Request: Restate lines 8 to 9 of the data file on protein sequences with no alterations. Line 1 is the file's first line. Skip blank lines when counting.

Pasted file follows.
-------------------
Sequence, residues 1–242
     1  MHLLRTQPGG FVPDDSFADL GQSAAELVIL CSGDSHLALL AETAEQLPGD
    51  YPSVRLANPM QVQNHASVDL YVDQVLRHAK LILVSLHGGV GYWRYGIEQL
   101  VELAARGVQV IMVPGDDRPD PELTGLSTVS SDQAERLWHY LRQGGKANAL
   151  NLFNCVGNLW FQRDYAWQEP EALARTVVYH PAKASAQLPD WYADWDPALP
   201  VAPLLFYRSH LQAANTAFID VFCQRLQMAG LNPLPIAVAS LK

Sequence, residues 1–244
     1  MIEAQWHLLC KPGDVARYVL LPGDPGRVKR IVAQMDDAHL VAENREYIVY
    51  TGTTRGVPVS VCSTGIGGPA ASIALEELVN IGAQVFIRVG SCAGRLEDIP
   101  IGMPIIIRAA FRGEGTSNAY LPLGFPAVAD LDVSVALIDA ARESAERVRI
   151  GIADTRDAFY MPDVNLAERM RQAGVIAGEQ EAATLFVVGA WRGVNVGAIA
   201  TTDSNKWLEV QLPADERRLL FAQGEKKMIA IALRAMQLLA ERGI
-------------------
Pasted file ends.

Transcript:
     1  MIEAQWHLLC KPGDVARYVL LPGDPGRVKR IVAQMDDAHL VAENREYIVY
    51  TGTTRGVPVS VCSTGIGGPA ASIALEELVN IGAQVFIRVG SCAGRLEDIP